|ADVANCE FOR RELEASE AT 4:30 P.M. EDT||BJS|
|SUNDAY, July 15, 2001||202/307-0784|
WASHINGTON, D.C.On June 30, 2000, 1,394 of the nation's 1,558 adult state correctional facilities provided some type of mental health services to their inmates, according to a new report from the Justice Department's Bureau of Justice Statistics (BJS).
Almost 70 percent of the state adult correctional facilities reported that as a matter of policy they screen inmates at intake: 65 percent conduct psychiatric assessments, 51 percent provide 24-hour mental health care, 71 percent provide therapy and/or counseling by trained mental health professionals, 73 percent distribute psychotropic medications and 66 percent help released prisoners obtain community mental health services. One in every eight state prisoners was receiving some type of mental health therapy.
At midyear 2000 an estimated 191,000 state prisoners, about 16 percent of all inmates, were identified as mentally ill. Of the mentally ill, almost 79 percent were receiving therapy or counseling. About 60 percent of the mentally ill inmates were receiving psychotropic medications, including anti-depressants, stimulants, sedatives, tranquilizers or other anti-psychotic drugs.
About 10 percent, or 18,900 of the mentally ill inmates were housed in a 24-hour mental health unit. Approximately two-thirds of all state inmates who were in therapy or receiving medications were in facilities that did not specialize in mental health services.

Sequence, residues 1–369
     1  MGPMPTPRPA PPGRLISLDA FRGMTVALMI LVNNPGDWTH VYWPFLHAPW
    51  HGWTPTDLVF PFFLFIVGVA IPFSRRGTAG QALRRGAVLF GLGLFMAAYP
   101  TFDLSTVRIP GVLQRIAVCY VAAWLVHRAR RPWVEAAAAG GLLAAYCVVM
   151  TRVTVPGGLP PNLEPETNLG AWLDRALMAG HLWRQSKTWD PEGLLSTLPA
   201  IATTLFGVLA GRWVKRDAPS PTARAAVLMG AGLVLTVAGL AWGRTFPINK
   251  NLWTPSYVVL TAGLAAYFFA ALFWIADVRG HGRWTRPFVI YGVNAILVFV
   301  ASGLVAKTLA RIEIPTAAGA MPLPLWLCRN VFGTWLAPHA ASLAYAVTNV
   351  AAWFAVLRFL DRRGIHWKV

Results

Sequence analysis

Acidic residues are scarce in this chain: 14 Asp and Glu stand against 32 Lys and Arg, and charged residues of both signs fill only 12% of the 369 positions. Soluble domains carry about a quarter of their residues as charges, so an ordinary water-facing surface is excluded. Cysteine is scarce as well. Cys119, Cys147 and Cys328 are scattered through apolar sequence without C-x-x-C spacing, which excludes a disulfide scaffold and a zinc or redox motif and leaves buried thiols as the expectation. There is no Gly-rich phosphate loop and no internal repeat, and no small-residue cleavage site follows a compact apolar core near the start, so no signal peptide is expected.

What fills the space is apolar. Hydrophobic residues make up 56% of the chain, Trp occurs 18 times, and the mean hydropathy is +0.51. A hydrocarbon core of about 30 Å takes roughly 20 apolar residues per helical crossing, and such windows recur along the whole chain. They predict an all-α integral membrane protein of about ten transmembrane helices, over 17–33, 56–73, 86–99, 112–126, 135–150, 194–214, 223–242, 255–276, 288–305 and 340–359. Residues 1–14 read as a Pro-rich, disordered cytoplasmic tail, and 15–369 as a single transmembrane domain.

Twelve state facilities were primarily for mental health or psychiatric confinement, and an additional 143 state institutions reported they specialized in mental health treatment. Together, these facilities had the capacity to house more than 217,000 inmates, and they were operating at 100 percent of their rated capacity.
The percentage of inmates in mental health therapy or receiving medication was higher in female prisons. More than one in four female prisoners were in therapy and one in five were on medication.
One in every 10 state inmates was receiving psychotropic medication. The states with the highest percentage of inmates receiving such psychotropic medication, Hawaii, Maine, Montana, Nebraska and Oregon, reported that approximately 20 percent of their inmates were receiving medications. In Louisiana, Maine, Nebraska and Wyoming at least one in four inmates were in mental health therapy or counseling programs.
Only three states, North Dakota, Rhode Island and Wyoming, had no special psychiatric facilities and placed prisoners who needed to be segregated in state hospitals, prison infirmaries or in special needs units within general confinement facilities.
The report, "Mental Health Treatment in State Prisons"(NCJ-188215), reflects data as of June 30, 2000, and was based on the census of prisons. Excluded were locally operated jails and federal facilities. The report was written by BJS statisticians Allen J. Beck and Laura M. Maruschak. Single copies may be obtained from the BJS clearinghouse number: 1-800-851-3420. Fax orders for mail delivery to 410/792-4358.
After the release date this report will be available at:
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After hours contact: Stu Smith at 301/983-9354
Bureau of Justice Statistics